Phone: 21 460 8242
On one of the unfinished bridges coming from Sea Point side into the CBD a massive 80 meter vuvuzela has been erected by Hyundai. This vuvuzela blows everytime a goal get scored during the 2010 FIFA World Cup
Cape Town is the most segregated city in SA. It is very difficult to meet Capetonians of colour within the established tourist sights so walk the city go into Golden acres to have a sense of the culture of Cape Town. Drive into the Bo-Kaap area and eat at a local cafe.
Address: CBDRelated to:
Greenmarket Square, is situated in the heart of the Central Business District of Cape Town. This square has seen a vast mix of cultures pass over its ancient cobbles through the decades.
This area has served as a slave market, a fruit and vegetable market (hence the name Greenmarket Square) and in the late 50’s as a popular parking lot.
It wasn’t until the early 80’s that Bob Hayward had the vision to transform the Square into a viable trading venue for the informal sector. These humble beginnings saw only a handful of traders brave the elements twice a week on a small section of the Square, but it was not long before it grew to become an extremely popular flea market for crafters to reap the rewards for all their efforts.
Today it is visited by most visitors to the city where you can buy all kinds of things to take home.
St. George’s Mall is a pedestrian zone with many smaller shops. Unfortunately, none of them really remained in my mind and that was surely not caused by my age… What is probably more interesting is the small stands in the street. Similar to Greenmarket Square, this is a place where you can buy african souvenirs of all kinds. Also here, haggling is important. But there are also a couple of stands selling household goods or other things of everyday life. That means that prices are also better than at Greenmarket Square.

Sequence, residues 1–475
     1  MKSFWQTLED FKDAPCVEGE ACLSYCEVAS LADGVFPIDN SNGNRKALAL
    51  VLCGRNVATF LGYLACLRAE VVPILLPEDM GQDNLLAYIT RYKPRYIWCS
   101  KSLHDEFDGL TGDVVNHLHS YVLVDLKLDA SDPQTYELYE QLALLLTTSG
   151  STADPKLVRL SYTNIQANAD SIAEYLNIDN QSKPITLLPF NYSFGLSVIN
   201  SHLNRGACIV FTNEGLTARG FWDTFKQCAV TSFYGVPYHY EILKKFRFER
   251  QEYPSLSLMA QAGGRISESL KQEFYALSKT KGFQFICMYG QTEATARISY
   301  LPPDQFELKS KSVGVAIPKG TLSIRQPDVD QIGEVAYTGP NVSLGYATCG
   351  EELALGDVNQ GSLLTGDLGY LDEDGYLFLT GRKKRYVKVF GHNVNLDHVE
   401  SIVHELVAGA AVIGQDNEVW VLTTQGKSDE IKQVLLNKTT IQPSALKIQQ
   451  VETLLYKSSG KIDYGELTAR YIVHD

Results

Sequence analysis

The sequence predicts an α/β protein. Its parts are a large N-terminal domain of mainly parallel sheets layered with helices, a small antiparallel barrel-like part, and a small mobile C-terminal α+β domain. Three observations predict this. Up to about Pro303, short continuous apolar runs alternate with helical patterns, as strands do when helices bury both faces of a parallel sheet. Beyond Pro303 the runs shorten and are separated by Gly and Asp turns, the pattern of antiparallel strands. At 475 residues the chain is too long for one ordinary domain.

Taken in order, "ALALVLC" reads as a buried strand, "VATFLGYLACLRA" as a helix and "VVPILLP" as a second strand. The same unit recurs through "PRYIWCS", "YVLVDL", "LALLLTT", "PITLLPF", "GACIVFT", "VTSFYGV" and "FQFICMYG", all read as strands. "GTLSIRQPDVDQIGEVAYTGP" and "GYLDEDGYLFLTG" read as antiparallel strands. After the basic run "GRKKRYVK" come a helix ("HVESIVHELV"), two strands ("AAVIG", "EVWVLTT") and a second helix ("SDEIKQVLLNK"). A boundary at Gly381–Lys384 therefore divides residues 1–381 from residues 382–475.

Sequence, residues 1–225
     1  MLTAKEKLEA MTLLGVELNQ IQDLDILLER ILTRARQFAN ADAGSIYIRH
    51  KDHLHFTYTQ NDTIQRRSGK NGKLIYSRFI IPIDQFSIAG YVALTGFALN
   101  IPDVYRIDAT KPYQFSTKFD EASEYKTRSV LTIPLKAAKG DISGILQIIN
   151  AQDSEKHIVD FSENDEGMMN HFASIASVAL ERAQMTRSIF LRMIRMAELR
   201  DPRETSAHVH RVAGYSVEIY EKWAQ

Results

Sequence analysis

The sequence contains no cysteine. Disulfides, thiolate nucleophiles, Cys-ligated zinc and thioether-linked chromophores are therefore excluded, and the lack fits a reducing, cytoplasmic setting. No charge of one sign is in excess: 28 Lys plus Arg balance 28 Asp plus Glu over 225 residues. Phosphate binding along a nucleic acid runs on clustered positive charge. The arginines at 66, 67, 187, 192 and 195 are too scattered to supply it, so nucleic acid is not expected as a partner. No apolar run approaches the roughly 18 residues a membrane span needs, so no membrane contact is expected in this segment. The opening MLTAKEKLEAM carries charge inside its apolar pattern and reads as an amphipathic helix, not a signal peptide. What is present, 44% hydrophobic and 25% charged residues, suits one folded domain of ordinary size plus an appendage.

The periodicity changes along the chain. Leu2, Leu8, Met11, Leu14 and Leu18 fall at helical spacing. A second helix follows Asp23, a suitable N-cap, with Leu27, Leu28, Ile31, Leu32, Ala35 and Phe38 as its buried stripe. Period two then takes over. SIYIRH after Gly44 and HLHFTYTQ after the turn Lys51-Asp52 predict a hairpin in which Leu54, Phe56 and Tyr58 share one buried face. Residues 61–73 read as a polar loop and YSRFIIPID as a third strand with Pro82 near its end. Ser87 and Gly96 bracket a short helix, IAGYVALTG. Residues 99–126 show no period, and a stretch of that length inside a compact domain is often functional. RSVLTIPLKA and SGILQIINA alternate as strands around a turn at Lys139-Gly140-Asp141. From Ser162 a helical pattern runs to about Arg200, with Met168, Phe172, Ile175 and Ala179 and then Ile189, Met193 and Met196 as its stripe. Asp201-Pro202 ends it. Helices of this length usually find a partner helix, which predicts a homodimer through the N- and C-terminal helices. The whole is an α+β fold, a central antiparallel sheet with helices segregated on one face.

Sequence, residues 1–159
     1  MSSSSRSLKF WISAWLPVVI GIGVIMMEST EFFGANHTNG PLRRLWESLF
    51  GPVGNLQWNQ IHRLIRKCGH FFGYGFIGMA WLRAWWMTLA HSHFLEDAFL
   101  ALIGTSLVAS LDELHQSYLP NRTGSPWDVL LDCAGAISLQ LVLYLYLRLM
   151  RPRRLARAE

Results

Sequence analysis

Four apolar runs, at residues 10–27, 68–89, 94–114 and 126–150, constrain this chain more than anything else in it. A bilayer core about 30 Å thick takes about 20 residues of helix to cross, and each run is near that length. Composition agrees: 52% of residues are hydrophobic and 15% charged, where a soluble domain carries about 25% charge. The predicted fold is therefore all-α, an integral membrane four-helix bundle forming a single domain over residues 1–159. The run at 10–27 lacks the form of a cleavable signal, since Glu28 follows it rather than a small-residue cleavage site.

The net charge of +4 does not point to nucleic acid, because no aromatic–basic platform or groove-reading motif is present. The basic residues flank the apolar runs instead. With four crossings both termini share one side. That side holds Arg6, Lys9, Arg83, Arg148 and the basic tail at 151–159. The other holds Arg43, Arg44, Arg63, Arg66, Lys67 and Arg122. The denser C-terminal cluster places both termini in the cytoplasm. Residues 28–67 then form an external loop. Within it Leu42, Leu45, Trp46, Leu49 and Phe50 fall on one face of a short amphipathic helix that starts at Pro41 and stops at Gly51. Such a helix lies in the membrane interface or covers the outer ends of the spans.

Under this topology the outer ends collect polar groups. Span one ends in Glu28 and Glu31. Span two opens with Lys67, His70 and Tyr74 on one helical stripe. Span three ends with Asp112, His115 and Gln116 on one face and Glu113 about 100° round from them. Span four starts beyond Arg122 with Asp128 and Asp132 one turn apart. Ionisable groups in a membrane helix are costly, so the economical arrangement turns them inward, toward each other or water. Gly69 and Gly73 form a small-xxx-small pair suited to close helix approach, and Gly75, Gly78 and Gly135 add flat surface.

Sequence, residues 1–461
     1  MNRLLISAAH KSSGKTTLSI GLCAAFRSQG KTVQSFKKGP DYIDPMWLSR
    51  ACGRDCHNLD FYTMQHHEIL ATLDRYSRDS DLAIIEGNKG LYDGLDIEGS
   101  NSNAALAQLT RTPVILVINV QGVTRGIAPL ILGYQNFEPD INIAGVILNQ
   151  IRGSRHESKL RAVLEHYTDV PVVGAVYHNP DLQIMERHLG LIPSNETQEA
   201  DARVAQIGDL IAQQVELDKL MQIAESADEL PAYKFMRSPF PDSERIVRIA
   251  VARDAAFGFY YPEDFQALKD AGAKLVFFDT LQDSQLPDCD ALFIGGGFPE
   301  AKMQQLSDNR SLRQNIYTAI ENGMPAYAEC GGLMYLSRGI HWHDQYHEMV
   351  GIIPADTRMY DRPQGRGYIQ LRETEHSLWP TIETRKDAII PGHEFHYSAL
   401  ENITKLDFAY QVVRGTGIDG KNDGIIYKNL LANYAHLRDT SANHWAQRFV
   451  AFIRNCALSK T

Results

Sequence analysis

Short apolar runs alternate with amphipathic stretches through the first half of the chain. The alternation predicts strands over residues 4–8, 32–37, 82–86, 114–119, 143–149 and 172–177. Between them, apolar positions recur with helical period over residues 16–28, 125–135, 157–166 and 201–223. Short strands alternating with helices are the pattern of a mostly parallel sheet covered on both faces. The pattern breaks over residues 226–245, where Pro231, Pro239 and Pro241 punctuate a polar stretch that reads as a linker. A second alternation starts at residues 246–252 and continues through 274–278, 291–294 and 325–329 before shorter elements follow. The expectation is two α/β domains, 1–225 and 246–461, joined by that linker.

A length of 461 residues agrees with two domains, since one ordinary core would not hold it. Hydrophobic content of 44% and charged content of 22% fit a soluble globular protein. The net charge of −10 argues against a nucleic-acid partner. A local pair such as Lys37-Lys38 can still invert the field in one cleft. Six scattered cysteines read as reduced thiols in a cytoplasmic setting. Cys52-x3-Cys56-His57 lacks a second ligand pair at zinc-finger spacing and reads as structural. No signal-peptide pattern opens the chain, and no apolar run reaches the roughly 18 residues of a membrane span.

Directions: Downtown, close to the central bus station / train station
Although the market on Greenmarket Square is often labelled a flea market, it is not. Over the years, it has become a spot where tourist stuff like small wooden elephants can be bought. If you want to buy some south african souvenirs, it is a good place. The market has a nice atmosphere and product diversity is big. Train your haggling skills before coming here as asking price is quite high. A discount of 80 % is not uncommon.
Directions: Right in the city center, a short walk away from Long Street
In the square in front of the city hall, you’ll find a statue of King Edward VII. It really looks displaced there. While the city hall still shines in its old splendour, King Edward has disappeared in a thriving african market atmosphere and only the pigeons seem to be interested in him.
Directions: In front of the city hall, close to the Castle of Good Hope